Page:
On Monday during COP20, the World Resources Institute (WRI), C40 Cities Climate Leadership Group (C40) and ICLEI – Local Governments for Sustainability (ICLEI) will unveil the Global Protocol for Community-Scale Greenhouse Gas Emission Inventories (GPC), the first global standard to measure greenhouse gas emissions from cities. GPC will be the most widely endorsed standard for cities to measure and report their greenhouse gas emissions.
Led by Professor Glenn Lyons, University of the West of England, Bristol
New Zealanders drive nearly 30 billion kilometres each year in their cars, vans, utes and SUVs. The road network also carries 70 percent of all of our freight . As a nation we have built and continue to maintain a network of roads to allow us to make these trips.
The road network is worth more than $60 billion and costs more than $1 billion a year to maintain. We are planning to invest $10 billion over the next ten years to change the shape of the network to improve its quality and capacity.
This would be relatively straightforward if we knew how demand would change. The challenge we face, however, is there have recently been changes to the patterns of demand for personal travel.
From 1980 to 2004 we saw annual increase in demand in the order of three percent per year. This highlighted the importance of tackling congestion and improving safety and gave us assurance revenue would grow to cover the costs of a growing network. From 2005 to 2013 total demand only grew by 0.25 percent per year.
We now face an uncertain future. We cannot be certain demand will return to pre-2005 levels of growth nor can we be certain it will remain flat. This means we can no longer rely on traditional forecasting models alone to help us to decide how to invest. Figure 2 illustrates how our traditional forecasting models have consistently overestimated demand.
Read more or download the papers at http://www.transport.govt.nz/ourwork/keystrategiesandplans/strategic-policy-programme/future-demand/.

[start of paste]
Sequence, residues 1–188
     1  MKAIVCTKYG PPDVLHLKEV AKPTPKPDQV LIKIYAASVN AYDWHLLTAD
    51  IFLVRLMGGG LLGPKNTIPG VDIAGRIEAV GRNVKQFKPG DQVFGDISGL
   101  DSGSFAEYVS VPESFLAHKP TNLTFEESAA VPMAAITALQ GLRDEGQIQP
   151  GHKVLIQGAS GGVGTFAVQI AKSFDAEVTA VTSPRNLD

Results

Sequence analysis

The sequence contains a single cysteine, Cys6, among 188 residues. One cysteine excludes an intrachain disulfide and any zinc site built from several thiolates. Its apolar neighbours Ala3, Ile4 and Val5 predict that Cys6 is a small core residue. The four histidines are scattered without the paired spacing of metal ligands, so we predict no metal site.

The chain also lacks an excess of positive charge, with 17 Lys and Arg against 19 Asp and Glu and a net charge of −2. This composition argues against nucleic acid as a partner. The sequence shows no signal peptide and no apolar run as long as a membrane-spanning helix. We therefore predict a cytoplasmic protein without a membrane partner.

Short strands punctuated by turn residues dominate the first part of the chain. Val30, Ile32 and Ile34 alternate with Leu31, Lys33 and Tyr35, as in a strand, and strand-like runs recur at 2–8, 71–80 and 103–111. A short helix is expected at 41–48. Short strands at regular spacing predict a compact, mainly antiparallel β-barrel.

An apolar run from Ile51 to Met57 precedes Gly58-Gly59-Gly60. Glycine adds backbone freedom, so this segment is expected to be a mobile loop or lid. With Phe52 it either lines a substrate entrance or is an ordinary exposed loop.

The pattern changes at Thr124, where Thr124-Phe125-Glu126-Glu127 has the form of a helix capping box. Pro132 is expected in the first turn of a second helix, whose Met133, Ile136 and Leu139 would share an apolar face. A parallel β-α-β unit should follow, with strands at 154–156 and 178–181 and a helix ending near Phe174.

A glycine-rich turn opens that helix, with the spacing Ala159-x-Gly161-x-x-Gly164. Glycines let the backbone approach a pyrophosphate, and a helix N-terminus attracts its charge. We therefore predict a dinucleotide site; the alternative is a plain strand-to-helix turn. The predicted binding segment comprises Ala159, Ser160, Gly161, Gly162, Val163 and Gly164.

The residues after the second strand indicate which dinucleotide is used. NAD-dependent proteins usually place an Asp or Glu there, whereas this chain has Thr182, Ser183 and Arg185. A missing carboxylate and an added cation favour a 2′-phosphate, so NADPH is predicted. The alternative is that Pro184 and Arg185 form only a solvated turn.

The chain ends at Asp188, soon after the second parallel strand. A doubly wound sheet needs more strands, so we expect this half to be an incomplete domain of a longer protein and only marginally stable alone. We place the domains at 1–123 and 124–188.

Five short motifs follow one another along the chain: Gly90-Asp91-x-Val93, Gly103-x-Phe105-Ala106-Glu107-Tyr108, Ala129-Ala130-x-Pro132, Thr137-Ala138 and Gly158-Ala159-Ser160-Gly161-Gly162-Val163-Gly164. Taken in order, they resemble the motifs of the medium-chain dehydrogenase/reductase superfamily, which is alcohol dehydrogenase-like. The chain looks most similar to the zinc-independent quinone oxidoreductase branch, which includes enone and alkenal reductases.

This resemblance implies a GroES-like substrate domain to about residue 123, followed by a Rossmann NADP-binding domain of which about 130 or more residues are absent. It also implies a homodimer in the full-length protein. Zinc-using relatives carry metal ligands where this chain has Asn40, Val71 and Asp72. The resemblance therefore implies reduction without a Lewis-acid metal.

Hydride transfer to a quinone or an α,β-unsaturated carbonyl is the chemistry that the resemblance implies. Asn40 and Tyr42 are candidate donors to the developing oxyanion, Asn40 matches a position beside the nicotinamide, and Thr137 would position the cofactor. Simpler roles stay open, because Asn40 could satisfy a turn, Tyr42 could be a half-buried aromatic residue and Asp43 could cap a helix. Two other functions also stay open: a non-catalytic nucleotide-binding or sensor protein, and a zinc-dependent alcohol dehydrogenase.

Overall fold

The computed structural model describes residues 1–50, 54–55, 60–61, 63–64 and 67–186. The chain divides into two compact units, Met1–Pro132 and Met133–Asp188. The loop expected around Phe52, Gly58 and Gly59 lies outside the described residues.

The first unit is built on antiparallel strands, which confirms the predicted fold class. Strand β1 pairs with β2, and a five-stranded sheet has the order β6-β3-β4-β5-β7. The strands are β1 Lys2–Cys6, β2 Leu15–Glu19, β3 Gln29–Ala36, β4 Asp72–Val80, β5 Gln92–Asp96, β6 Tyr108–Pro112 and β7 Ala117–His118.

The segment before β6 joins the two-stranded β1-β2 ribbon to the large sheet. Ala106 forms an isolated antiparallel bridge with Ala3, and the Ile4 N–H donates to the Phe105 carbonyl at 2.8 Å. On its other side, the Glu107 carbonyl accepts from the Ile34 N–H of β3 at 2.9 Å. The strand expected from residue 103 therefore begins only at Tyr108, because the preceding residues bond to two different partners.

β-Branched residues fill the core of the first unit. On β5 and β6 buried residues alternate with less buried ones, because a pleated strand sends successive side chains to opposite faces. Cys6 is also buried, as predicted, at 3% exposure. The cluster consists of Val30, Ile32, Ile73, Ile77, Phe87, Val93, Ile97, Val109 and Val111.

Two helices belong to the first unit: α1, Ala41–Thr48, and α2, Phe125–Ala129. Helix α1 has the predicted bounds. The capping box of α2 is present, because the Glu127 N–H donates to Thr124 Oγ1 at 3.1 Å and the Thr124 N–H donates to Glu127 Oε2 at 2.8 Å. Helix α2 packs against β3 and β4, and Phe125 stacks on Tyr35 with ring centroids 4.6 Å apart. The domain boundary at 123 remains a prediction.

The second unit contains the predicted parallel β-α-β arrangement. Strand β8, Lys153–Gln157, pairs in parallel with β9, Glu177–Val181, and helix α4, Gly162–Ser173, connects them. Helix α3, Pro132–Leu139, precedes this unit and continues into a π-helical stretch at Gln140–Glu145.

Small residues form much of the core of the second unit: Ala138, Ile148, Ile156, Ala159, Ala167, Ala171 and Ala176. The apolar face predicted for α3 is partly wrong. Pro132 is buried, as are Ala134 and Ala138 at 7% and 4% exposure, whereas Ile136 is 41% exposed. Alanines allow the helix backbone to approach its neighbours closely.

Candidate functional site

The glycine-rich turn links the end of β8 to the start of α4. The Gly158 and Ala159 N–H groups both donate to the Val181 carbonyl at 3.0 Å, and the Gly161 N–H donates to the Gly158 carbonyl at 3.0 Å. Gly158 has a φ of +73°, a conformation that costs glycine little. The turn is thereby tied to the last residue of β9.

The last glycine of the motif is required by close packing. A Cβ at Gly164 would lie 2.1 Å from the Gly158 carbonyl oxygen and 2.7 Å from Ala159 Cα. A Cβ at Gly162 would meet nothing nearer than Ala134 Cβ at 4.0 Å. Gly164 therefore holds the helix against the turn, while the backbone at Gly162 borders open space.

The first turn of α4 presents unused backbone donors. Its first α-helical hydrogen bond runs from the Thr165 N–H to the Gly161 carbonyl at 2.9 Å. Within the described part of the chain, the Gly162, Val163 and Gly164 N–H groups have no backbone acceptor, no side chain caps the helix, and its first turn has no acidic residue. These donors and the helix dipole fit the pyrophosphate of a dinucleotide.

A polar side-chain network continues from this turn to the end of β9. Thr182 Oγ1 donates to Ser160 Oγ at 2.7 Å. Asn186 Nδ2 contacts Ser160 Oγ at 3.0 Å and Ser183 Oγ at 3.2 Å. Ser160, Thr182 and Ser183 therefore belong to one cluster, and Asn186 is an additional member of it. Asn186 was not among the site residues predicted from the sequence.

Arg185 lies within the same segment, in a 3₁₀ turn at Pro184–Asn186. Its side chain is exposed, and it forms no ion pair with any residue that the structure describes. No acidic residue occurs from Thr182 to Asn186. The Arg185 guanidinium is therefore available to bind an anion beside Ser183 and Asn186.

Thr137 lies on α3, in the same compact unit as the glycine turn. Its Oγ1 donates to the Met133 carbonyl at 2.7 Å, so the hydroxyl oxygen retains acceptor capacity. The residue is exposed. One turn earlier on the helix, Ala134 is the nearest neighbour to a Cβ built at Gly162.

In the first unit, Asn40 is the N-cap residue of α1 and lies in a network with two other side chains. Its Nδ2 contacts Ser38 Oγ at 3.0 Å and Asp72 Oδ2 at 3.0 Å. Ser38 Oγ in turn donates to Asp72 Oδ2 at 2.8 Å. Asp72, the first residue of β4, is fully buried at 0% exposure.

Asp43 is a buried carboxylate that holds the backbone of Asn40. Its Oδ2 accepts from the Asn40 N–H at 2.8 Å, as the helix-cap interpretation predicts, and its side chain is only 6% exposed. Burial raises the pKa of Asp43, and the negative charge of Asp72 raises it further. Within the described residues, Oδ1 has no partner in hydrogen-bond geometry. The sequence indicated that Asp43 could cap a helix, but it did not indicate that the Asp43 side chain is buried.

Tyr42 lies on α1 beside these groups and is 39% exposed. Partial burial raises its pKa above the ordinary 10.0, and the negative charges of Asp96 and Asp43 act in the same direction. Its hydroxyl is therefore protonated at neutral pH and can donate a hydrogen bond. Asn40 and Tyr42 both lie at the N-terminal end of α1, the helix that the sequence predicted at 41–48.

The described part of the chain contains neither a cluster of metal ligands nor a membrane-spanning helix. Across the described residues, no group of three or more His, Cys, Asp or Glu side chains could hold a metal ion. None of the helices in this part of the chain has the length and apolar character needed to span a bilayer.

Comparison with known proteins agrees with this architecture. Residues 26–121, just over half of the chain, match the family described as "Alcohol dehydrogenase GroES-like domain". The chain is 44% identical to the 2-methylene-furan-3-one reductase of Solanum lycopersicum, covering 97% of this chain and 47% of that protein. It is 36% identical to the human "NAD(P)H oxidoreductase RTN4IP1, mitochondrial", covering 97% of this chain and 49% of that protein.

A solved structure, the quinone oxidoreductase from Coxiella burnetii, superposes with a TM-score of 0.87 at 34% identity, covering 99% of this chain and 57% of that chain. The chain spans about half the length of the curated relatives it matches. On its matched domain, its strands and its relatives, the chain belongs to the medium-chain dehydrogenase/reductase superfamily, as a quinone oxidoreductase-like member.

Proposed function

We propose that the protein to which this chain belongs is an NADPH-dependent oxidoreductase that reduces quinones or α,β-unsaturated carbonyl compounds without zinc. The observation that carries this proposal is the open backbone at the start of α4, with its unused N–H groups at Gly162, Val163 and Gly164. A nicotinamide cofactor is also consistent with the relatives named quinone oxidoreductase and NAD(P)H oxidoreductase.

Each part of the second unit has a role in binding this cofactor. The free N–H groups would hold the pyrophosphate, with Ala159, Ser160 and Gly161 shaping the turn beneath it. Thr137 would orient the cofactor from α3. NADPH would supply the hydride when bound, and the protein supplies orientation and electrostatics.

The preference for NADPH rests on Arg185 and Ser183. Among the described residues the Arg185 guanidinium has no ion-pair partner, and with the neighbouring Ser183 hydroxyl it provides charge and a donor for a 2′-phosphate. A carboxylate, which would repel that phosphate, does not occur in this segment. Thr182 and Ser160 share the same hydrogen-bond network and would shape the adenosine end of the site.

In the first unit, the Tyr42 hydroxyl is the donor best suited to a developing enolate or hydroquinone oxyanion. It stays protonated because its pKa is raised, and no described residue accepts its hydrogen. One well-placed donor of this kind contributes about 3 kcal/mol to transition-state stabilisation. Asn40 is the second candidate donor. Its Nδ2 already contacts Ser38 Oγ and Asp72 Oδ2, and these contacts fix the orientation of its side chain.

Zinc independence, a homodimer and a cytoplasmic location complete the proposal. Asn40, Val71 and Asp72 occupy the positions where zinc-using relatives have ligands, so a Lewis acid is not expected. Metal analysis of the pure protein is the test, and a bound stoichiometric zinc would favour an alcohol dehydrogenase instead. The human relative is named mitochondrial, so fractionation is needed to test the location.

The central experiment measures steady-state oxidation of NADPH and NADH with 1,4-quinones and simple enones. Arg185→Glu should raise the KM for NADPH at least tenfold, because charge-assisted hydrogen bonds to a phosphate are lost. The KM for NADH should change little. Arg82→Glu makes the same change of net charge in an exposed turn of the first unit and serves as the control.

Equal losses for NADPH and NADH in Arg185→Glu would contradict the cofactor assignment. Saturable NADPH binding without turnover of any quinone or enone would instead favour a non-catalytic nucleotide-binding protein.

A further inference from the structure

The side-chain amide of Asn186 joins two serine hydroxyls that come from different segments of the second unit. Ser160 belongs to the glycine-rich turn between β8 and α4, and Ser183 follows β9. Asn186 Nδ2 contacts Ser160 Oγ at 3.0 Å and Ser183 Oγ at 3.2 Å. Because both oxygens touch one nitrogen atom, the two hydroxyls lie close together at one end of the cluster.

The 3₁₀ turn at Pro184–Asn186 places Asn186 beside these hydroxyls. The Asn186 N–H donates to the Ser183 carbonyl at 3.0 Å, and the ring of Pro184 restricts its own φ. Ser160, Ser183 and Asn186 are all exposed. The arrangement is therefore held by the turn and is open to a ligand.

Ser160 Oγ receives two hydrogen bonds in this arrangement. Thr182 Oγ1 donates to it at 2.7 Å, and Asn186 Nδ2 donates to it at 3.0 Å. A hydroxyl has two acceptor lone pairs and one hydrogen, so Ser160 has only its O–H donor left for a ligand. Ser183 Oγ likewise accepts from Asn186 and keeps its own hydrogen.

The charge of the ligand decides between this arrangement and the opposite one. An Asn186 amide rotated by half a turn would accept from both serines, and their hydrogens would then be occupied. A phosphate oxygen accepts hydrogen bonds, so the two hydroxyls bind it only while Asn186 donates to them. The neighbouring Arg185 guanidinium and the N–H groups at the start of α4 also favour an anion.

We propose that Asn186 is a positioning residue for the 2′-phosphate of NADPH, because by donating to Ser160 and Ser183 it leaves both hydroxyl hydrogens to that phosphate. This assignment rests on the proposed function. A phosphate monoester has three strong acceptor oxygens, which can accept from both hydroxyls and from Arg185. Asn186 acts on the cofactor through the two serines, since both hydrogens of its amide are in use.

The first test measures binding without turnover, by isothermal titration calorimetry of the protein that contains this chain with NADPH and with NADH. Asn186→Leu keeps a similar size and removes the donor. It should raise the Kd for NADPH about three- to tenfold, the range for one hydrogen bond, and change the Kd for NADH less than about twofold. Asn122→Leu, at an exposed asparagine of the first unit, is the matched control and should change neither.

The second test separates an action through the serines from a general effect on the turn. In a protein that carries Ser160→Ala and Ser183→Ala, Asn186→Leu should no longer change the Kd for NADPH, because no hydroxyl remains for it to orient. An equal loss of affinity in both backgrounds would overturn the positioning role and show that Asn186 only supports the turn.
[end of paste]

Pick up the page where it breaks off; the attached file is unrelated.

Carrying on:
SMART likes to share interesting news and innovations from newsletters we receive. This was published by Mobility Lab in Mobility Lab Express. See http://www.um-smart.org/blog/related-newsletters for more newsletters you may find interesting.
Author: Amy Eagleburger
City bikeshare programs are ballooning across the country with a fairly simple concept – docked bikes that can be rented via credit card at the docking site or through an annual membership plan.
Can this model be improved? Social Bicycles (SoBi) certainly thinks so.
Patrick Hoffman, product manager for New York-based SoBi, said the idea was to create a more flexible bikeshare that didn’t just get riders from A to B, but tracked their usage in order to connect with friends or create a better understanding about how other SoBi members are using the service.
SoBi’s bikes are designed so that they don’t necessarily have to be docked in a certain location. Rather, every bike is equipped with a GPS device so that users can pinpoint where it is – whether that’s outside of a coffee shop or in a designated SoBi corral location.
Read the full article at http://mobilitylab.org/2014/11/17/social-bicycles-offers-leaner-data-happy-bikeshare-option.
This past September, more than 650 urban development leaders from a diverse set of more than 15 sectors, from community development to urban design, gathered in Washington, DC for the 2014 EcoDistricts Summit. Attendees represented more than 350 organizations, 100 cities and 9 countries from across the globe.
The District of Columbia served as host, curriculum and teacher, with the area’s district-scale projects, including three EcoDistricts Target Cities projects, as hands-on case studies for 15 education sessions, innovative UrbanLabs, in depth Studios and inspiring plenaries.
Read more at http://ecodistrictssummit.org/summit-2014/#thankyou.
The program is an intensive seminar held in key urban locations in Western Europe. Participants will study bicycle planning, design, policy and culture as a sustainable and economically viable form of transportation. The program will focus on the practices and policies that foster safe, convenient and accessible bicycle infrastructure and the underlying culture that supports a high rate of bicycle use. Denmark and the Netherlands became great places to bike, and this course will explore how and why this transformation happened and will challenge students to think about how to make similar change within the United States.
For more information, see http://international.uoregon.edu/bicycles.
A new One-Stop Shop for Traveler Information (OSS) now offers travelers an internet site that integrates weather and road information from multiple states in the Rocky Mountain region that does not stop at jurisdictional boundaries. Combined with real-time weather information, the OSS provides motorists with a seamless decision-making tool for maintaining and enhancing traveler safety and mobility, particularly during the winter holiday travel season. The OSS was developed at the Montana State University’s Western Transportation Institute (WTI) and was sponsored by the California Department of Transportation (Caltrans). WTI is a collaborative research partnership involving MSU’s College of Engineering, the Montana Department of Transportation (MTD) and Caltrans, and was established to provide innovative solutions to transportation problems at all levels; from local to international.
Read the full story at http://www.traffictechnologytoday.com/news.php?NewsID=64063.